In 2000, the first global survey of dams showed that their overall impact was negative leading to the loss of forests and wetland ecosystem services. In Africa, the Middle East and Europe, dams and other hydrological structures are a threat to nearly 10% of the region’s Important Bird Areas, the majority of which are Ramsar sites.
Large dams cause major ecological changes in river basins. The first global survey of these showed that, despite some positive effects, their overall impact was distinctly negative (World Commission on Dams 2000). Large dams have led to:
A high proportion of the world’s river basins (61% of a large sample) are highly or moderately fragmented by dams (World Commission on Dams 2000). For example, in Africa, the Middle East and Europe, dams and other hydrological structures are considered to pose a threat to nearly 10% (304) of the 3,701 globally Important Bird Areas (IBAs) in this region (analysis of data held in BirdLife’s World Bird Database 2004). The great majority (87%) of the 304 potentially affected IBAs contain areas that qualify as wetlands of international importance (Ramsar Sites), according to the criteria of the Convention on Wetlands (see figure). In Asia, actual or planned dam projects are likely to have significant impacts on at least 10 globally threatened birds. Waterbirds of lowland floodplains, such as Masked Finfoot Heliopais personata and Indian Skimmer Rynchops albicollis, are affected particularly badly.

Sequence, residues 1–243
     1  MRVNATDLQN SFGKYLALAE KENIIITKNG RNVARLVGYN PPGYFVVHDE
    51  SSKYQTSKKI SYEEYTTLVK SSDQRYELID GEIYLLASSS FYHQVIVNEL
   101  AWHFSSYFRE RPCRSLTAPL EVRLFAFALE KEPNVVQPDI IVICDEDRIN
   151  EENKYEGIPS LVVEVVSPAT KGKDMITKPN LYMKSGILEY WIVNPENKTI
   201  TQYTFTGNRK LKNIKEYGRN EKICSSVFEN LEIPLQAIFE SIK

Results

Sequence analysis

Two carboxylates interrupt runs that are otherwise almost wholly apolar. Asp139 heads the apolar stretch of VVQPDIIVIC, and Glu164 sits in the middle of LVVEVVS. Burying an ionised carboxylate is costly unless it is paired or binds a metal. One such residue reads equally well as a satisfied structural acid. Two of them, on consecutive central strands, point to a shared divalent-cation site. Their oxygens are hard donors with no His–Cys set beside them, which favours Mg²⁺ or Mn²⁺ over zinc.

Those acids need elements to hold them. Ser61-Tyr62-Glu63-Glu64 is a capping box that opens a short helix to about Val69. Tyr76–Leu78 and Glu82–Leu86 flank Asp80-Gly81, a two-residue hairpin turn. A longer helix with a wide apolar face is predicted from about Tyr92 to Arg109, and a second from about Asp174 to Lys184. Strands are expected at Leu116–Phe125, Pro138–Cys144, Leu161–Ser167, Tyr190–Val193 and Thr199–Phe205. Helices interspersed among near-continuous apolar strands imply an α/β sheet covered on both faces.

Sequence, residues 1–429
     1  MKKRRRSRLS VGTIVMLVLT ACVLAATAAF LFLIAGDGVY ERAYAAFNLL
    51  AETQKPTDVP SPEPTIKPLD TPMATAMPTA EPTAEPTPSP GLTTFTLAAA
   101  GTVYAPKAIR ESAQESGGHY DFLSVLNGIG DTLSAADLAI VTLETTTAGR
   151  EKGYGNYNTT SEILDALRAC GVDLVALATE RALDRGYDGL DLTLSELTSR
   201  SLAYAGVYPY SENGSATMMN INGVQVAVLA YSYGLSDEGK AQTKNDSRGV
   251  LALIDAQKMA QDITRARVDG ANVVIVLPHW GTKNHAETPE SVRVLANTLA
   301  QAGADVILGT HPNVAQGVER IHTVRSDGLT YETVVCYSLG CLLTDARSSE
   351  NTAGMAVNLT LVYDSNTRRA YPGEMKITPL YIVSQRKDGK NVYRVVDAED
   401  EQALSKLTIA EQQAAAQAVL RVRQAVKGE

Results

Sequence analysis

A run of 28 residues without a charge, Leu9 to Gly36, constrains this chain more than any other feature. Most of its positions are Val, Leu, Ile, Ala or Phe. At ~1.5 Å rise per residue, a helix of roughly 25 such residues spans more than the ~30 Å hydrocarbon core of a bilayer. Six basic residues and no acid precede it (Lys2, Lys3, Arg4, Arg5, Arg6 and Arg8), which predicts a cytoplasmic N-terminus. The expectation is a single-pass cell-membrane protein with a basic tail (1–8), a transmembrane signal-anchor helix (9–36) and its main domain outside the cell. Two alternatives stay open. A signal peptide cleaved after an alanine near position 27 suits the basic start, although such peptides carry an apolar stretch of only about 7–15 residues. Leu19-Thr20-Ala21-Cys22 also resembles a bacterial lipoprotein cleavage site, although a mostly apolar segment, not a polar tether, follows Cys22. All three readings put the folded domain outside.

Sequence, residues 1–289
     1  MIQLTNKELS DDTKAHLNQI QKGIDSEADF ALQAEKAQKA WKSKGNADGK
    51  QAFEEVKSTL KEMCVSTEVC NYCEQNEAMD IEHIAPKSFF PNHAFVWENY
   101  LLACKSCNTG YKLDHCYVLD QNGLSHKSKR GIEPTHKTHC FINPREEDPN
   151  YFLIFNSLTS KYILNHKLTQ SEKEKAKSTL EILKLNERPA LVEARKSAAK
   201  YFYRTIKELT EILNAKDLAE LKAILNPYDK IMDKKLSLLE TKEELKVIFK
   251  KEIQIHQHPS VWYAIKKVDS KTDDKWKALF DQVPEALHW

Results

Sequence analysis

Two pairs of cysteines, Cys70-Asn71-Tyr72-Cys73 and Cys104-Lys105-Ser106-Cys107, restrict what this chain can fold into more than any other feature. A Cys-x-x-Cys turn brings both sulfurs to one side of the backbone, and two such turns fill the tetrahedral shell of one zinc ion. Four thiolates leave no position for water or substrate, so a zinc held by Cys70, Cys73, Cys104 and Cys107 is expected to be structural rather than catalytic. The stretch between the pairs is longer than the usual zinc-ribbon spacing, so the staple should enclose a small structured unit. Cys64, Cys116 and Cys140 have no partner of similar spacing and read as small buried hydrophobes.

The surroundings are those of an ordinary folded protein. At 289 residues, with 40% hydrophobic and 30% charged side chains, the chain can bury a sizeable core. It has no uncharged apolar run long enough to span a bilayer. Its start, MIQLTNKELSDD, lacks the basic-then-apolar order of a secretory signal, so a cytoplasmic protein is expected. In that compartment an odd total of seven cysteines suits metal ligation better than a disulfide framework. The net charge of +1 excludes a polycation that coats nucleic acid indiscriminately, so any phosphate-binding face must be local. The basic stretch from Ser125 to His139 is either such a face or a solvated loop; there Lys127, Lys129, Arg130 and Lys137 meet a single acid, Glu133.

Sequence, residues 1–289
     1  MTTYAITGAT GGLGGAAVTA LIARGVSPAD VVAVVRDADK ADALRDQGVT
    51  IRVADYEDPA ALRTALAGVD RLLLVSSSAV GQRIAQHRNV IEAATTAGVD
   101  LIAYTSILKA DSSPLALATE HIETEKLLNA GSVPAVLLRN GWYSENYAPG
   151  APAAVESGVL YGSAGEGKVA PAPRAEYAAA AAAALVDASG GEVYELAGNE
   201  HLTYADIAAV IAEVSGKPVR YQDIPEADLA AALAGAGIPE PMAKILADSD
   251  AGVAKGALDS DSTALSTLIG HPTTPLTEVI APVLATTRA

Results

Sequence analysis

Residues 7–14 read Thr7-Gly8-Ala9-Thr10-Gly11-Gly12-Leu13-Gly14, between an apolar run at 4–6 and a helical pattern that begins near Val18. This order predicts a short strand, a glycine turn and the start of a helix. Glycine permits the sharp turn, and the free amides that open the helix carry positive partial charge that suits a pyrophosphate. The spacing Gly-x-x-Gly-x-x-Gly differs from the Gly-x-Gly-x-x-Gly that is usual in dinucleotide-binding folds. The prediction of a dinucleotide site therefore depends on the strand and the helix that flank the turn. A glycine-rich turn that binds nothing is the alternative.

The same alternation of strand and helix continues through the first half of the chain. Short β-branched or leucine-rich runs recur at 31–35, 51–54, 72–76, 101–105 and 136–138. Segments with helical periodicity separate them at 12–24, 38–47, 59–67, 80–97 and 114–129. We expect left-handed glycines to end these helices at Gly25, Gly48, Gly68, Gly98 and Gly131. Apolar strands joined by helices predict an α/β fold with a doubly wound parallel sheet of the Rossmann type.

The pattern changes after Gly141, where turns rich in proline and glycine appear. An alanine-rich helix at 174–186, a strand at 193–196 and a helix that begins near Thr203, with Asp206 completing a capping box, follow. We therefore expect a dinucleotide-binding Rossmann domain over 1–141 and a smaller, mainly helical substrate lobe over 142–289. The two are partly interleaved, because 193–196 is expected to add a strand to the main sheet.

BirdLife International (2004) Large dams and barrages are an increasing threat to wetland-dependent birds. Presented as part of the BirdLife State of the world's birds website. Available from: http://www.birdlife.org/datazone/sowb/casestudy/150. Checked: 09/02/2016
|Key message: Dams and barrages are an increasing threat|